JACK ROBERTSON, a sometimes correspondent, has an opinion piece in the Sydney Morning Herald. His target – the hypocrisy of government and business figures who demand we restrain our urge to sue – is never struck, mainly because Jack sprays his attack all over the place.
For example, Jack believes a deregulated market is the cause of this evil, and all other evils as well:
"Shame has no place in our Free Market world. Ditto for decency, commonsense, restraint and society. In fact, as I understand market theory, whatever is economically viable is acceptable."
As Jack understands market theory, he's utterly wrong. Jack's notion of personal responsibility is curious, too; he says he won't act ethically until those wealthier than he do the same. He also attacks Rupert Murdoch, who has a policy of never suing for libel. And then there's this:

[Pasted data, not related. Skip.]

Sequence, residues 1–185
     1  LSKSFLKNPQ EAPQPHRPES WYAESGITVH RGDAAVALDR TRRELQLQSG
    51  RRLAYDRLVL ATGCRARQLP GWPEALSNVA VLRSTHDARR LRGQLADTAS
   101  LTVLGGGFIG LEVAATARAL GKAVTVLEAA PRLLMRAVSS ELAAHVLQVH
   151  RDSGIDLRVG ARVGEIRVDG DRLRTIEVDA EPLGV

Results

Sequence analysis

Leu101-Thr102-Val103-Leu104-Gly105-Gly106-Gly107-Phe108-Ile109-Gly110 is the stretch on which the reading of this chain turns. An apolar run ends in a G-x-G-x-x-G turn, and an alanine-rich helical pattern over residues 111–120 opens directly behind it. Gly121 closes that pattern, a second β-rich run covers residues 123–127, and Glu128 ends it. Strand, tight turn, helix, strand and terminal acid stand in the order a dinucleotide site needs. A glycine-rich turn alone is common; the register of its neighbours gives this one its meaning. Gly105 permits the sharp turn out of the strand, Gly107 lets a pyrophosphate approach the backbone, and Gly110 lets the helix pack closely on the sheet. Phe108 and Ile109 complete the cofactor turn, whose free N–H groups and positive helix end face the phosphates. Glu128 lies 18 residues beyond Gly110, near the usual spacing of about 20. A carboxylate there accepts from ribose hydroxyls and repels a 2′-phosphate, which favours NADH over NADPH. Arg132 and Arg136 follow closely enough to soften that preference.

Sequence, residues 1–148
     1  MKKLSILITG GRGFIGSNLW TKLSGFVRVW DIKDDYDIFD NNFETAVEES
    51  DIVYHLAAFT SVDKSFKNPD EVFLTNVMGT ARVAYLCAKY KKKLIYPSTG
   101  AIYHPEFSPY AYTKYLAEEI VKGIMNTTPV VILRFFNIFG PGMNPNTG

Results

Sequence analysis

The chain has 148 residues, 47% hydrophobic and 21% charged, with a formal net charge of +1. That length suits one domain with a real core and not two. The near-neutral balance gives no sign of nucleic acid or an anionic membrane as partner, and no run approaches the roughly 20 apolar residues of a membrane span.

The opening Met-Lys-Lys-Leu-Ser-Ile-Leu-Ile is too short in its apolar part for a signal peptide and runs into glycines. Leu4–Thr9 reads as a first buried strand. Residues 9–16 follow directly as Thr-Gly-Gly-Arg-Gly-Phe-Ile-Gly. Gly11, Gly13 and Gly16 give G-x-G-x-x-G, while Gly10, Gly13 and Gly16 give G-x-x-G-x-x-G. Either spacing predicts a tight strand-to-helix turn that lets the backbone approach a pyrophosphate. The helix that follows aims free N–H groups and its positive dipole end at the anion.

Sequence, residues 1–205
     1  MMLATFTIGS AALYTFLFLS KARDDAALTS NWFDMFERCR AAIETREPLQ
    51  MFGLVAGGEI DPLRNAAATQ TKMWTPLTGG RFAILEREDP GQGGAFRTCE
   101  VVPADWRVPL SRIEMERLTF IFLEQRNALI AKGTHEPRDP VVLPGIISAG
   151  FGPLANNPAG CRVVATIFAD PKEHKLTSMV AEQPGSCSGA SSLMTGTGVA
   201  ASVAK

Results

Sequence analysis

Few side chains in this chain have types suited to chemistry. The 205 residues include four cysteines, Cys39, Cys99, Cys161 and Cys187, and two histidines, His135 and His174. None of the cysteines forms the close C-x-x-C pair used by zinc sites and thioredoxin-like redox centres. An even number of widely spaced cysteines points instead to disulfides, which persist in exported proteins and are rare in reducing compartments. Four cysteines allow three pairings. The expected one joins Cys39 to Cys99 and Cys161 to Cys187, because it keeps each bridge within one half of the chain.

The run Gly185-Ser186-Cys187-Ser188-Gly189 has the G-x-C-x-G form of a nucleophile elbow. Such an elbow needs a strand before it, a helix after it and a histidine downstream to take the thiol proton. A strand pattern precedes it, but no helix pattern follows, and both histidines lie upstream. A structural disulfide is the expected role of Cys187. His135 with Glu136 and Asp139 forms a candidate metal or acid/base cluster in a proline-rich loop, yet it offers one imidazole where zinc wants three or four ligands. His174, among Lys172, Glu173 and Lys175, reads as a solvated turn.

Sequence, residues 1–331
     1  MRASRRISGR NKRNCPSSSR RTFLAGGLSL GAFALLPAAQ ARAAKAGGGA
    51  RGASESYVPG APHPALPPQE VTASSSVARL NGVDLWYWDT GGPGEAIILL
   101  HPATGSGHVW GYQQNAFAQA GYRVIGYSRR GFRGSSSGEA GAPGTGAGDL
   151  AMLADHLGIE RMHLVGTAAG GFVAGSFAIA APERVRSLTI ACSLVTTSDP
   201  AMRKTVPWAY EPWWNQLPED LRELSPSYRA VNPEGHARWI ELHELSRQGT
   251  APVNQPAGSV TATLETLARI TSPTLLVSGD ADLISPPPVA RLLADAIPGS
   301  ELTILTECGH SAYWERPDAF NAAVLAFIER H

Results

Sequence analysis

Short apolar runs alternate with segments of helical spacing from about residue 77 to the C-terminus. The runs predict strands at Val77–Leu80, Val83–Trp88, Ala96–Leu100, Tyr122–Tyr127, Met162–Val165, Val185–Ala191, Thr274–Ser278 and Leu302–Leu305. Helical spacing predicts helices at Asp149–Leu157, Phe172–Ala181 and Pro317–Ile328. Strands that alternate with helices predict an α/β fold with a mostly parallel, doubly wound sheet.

"Someone dig me up a failed executive of the past 20 years who didn't suddenly 'lose his memory', run to Spain, jump ship with a timely bonus or file for bankruptcy (sticking his mansion in the wife's name while offering creditors 2 in the dollar), and I might have a rethink of my obligations to society, too."
Here, Jack equates "failed" with "criminal". What he means to say is that white-collar lawbreakers always get away with their crimes. From memory, I've dug up a few who didn't:
Brian Yuill. Harry M. Miller. Laurie Connell. Peter Bunning. Abe Goldberg. Kevin Peek. Brian Quinn. Reuben Lew. George Herscu. Alan Hawkins.
No links, because this list is Jack's homework.